One bee produces 1/12 teaspoon of honey in it's lifetime
40% of invertebrate pollinators, primarily bees and butterflies, are facing extinction
Bees pollinate as many as 170,000 plant species
The majority of pollinators are wild, including over 20,000 species of bees
87 of the leading food crops worldwide are dependent on pollinators
Pollinators affect 35% of global agricultural land
In the last 50 years agricultural production that's dependent on pollinators increased by 300%
A New Type of Hive
Here in Iowa the winter took it's toll on honey bees. Some beekeepers lost 90% of their bees.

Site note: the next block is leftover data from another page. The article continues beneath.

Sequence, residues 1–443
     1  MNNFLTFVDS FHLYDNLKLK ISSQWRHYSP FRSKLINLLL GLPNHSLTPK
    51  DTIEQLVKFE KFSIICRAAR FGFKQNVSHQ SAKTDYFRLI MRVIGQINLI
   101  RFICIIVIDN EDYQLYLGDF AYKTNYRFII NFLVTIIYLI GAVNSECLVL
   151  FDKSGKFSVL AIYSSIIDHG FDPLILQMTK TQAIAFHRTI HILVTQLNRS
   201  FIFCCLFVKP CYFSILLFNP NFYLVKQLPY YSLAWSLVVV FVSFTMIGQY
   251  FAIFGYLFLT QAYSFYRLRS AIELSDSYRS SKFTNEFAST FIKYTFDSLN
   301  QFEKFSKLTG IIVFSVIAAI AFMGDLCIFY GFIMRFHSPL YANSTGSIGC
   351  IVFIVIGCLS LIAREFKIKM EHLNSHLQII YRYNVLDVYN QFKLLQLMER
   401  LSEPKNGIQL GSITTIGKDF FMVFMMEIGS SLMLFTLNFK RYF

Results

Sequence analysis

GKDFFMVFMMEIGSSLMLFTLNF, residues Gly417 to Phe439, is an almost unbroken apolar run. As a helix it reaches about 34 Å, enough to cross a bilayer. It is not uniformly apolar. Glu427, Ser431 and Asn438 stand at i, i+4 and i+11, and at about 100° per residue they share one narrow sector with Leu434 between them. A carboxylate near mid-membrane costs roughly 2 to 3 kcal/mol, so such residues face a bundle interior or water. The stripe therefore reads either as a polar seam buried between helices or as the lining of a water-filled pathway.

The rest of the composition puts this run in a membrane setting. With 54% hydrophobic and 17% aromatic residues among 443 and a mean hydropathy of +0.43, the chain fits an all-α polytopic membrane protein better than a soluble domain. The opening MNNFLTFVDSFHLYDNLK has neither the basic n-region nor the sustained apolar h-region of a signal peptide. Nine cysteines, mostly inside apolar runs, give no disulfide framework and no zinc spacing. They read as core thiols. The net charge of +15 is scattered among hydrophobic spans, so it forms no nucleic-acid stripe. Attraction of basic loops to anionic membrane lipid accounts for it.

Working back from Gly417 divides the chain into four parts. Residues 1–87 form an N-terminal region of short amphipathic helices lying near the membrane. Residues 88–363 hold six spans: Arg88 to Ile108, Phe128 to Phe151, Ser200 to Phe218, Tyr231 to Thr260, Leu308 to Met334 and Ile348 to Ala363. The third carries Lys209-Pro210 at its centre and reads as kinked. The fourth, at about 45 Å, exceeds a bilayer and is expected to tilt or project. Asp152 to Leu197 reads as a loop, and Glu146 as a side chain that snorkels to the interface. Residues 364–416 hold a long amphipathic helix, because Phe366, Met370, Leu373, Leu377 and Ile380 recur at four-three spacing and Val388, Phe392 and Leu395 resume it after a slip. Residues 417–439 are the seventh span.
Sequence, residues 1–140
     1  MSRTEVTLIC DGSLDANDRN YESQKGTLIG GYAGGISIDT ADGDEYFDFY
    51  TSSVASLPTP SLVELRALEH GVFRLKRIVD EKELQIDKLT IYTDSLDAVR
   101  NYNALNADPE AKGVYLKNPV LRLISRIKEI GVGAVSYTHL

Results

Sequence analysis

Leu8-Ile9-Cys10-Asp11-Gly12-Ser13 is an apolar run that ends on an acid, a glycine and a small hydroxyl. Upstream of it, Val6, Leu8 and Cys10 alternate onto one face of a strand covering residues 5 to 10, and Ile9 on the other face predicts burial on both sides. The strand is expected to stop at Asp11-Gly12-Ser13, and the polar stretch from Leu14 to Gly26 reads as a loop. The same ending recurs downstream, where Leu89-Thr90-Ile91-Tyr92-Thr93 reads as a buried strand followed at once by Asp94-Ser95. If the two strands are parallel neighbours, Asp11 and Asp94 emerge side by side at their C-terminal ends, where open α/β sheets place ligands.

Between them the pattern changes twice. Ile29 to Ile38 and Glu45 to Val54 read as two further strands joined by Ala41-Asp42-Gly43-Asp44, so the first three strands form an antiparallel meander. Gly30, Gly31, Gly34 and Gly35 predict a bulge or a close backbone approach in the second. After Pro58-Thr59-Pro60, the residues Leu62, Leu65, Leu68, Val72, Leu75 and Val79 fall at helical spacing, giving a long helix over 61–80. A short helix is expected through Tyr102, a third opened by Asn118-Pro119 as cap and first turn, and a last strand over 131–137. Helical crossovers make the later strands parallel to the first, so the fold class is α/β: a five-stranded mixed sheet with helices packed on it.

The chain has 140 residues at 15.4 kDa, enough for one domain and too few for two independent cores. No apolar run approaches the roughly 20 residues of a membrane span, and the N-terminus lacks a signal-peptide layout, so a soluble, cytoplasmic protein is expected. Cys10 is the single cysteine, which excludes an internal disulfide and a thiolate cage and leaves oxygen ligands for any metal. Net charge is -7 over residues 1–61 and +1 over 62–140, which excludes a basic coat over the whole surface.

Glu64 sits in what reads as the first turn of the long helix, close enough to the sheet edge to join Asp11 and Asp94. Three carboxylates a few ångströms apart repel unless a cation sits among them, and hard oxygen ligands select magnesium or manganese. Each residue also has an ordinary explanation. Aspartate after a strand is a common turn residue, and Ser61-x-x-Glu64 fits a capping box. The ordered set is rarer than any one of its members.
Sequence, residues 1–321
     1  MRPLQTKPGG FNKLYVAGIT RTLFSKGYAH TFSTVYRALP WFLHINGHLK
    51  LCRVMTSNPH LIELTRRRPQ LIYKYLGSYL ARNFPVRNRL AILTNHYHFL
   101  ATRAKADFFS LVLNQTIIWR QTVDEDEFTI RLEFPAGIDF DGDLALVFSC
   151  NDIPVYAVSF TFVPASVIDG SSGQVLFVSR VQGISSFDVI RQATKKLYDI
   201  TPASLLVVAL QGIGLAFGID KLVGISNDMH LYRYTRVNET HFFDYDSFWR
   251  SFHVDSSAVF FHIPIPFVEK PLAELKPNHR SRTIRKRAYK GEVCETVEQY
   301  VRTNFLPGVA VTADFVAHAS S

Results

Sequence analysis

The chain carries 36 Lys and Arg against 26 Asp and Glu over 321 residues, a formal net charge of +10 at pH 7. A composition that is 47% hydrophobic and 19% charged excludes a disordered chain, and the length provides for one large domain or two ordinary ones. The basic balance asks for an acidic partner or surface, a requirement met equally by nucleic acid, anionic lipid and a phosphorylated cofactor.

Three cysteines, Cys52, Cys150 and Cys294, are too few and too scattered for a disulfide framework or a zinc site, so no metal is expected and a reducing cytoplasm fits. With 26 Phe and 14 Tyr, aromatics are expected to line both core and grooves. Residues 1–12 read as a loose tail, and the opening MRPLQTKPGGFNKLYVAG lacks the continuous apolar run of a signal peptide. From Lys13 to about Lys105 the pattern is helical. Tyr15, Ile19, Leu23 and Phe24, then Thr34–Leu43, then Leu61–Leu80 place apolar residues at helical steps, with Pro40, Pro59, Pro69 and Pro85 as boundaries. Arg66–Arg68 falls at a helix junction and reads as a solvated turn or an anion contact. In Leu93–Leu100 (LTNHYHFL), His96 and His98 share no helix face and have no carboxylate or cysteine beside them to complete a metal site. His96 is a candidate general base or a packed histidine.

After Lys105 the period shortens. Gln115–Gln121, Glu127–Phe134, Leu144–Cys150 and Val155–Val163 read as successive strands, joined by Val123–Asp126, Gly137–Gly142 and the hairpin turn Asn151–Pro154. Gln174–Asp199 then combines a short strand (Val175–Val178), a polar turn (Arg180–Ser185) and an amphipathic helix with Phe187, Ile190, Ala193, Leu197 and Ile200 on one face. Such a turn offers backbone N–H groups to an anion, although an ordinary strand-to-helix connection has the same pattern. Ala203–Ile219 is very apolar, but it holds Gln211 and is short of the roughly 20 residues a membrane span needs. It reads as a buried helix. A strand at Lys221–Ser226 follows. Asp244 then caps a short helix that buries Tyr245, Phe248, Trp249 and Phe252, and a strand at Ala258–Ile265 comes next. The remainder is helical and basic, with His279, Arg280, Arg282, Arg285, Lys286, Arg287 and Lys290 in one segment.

We're using Apimaye Hives. These bee friendly, Langstroth style hives are insulated and have a great winter feeding system. The top feeders are easily opened without disturbing the bees or causing heat loss to the hive. Because the Apimaye hive is so well insulated the bees are building brood faster than in past years.
You Can Make a Difference
Make every day World Bee Day by protecting pollinators, use bee friendly products and supporting local honey producers.
Bee expert Reed Johnson of The Ohio State University, with support from the Almond Board of California, determined the cause of bee deaths in about 80,000 colonies brought in to pollinate almond trees.
The deaths and deformed brood were caused by a combination of fungicides and pesticides. Each product was deemed "safe" for honey bees.
However, when combined, these products turned lethal. 5% of the bees brought in to pollinate the 2014 almond crop died.